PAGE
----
I have recently joined a CSA (community supported agriculture) scheme. I commit to buying a farm box which is delivered to a local point every week. In exchange I receive a regular and reliable box of high quality fresh vegetables, fruit, eggs, milk, bread and meat, whilst supporting a farm who practices sustainable farming techniques. I know exactly where my food comes from and even the names of those who grow it. The price is extremely reasonable, considering the quality, I rate it as excellent value.
Church Farm is an hour away from my corner of North London. The farm is open for visits and positively encouraged, so that the urban dwellers can connect with the story which lies behind the ingredients. Picking up the farm box is a sociable exchange, chatting to the people who feed the animals, sow, water and harvest the vegetables. Very satisfying. Shortening the supply chain and promoting the link between grower and consumer - a 'co-producer' as such.
In my box last week there was a patty pan squash. As experienced a cook that I am, I've somewhat dodged this variety, stopping short of admiring it's happy yellow colour and intriguing 10 sided form.
So after a few words of encouragement and tips from Richard, a grower at Church Farm, I took an armful of these stunners home. I firstly diced the whole thing, and simply fried in olive oil with an onion and garlic, adding some dried chili and a few fennel seeds. The flesh is somewhere inbetween marrow and courgette, in that it is more flavourful than marrow and less so than courgette. The flesh benefits from being slightly browned and caralmalised. Finding a jar of capers in the fridge, I added a good spoonful and this worked very well, lifting the flavour with the salty and succulent berries. The dish finished up with a garnish of chervil, cut fresh from my garden.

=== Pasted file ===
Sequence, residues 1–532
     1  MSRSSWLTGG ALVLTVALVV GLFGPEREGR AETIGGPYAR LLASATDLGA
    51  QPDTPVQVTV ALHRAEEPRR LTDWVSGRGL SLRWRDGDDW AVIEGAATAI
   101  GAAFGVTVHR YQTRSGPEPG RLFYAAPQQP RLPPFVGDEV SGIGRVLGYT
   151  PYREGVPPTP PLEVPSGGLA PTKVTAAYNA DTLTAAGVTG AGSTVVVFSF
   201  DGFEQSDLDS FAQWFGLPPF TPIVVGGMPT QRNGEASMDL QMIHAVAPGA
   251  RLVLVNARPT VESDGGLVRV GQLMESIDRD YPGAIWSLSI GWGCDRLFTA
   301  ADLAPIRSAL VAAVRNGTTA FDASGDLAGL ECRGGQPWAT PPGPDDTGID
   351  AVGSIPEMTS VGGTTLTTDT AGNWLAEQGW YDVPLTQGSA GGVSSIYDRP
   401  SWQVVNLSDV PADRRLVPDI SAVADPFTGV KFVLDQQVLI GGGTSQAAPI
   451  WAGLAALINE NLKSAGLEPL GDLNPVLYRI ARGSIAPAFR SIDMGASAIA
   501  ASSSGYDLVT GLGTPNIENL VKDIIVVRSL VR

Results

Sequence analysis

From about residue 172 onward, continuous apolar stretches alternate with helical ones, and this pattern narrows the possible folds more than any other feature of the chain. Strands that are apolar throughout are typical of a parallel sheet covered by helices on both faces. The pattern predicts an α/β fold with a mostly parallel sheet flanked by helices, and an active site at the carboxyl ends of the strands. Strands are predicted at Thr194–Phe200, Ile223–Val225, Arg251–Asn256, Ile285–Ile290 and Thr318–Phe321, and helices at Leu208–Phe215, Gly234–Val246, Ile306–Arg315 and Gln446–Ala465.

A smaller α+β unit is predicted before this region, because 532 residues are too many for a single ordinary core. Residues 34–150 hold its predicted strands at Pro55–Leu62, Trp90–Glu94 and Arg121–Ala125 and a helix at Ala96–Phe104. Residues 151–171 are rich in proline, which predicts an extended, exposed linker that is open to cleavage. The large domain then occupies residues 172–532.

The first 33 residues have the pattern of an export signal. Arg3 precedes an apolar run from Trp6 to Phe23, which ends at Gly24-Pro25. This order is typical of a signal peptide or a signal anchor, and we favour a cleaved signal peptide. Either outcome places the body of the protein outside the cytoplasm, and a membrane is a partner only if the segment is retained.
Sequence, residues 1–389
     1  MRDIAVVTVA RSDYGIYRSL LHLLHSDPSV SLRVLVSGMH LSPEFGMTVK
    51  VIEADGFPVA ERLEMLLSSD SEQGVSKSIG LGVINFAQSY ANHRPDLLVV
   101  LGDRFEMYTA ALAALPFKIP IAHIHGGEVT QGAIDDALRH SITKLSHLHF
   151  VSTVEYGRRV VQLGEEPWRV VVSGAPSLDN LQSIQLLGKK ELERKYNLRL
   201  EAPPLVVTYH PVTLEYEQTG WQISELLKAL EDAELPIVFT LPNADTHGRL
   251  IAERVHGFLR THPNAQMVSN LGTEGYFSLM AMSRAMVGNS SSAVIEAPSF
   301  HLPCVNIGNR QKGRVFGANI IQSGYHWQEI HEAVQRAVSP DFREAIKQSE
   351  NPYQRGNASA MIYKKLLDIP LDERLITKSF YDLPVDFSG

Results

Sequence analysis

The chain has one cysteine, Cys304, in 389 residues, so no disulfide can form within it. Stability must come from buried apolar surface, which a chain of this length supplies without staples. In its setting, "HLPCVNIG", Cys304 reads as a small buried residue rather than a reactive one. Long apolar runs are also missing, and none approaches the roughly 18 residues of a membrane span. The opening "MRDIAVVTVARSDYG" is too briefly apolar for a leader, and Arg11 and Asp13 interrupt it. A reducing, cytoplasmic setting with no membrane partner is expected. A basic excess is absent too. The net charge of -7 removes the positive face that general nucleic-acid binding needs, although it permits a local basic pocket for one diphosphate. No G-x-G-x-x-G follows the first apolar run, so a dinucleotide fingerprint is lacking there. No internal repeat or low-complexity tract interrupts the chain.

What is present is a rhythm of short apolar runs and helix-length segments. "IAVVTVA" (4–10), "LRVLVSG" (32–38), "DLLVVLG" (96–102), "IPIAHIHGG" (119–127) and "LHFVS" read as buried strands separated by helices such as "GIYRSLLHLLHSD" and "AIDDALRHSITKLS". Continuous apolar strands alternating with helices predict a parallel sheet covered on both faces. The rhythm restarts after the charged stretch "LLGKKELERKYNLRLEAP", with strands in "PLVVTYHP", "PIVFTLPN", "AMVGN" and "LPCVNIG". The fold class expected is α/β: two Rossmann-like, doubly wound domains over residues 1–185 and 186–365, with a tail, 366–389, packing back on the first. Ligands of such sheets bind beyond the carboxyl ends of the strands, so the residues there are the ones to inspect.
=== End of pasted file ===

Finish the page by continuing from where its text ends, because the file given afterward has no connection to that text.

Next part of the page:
There's no doubt that this is a great base and one of those dishes where you can add anything; anchovy fillets, sundried tomatoes, a variety of herbs, some crispy bacon (oooooh yes, how that would work), diced courgettes, fresh tomatoes, chorizo, cooked and flaked ham hock, and so on. It makes a great side dish and the whole thing took 25 minutes from start to finish.
Dice the flesh
Fried in olive oil with onion, garlic, chili, fennel seeds - viola!
Moving on to a dish requiring just slightly more effort, I stuffed the squash. The shape is a perfect vessel and makes for a great vegetarian centrepiece, which could as in the recipe above be adapted in numerous ways, using whatever you have in. The foundation should always be an onion, garlic and the reserved flesh of the squash, and then build upon that. A rice pilaff would work very well.
Stuffed Patty Pan Squash
1 patty pan squash weighing about 1 kilo
1 large onion
3 cloves garlic
1/4 tsp chilli flakes or 1 chili diced
1 tsp fennel seeds
3 mushrooms diced
Handful of parsley
Half a packet of feta cheese
Handful of pinenuts (although any form of nuts would work)
2 tablespoons of breadcrumbs
A few ovendried tomatoes (sundried would work)
Lashings of black pepper and salt to taste.
Firstly cut off the stalk end and scoop out the pith, pips and discard and then hollow out the flesh which you reserve.
Fry in olive oil the diced onion until soft and add the garlic, chili and fennel seed, the chopped squash flesh, diced mushrooms and fry until it becomes soft.
Add the diced feta, sundried tomatoes, chopped parsley, breadcrumbs, nuts and seasoning.
Pile the whole lot back into the hollowed squash, place on a baking sheet and into a preheated oven (220C) for 45 minutes. Turn down the oven to about 190C after 10 minutes.
The flesh should be soft when pierced.
Serve with a tomato sauce and some green salad.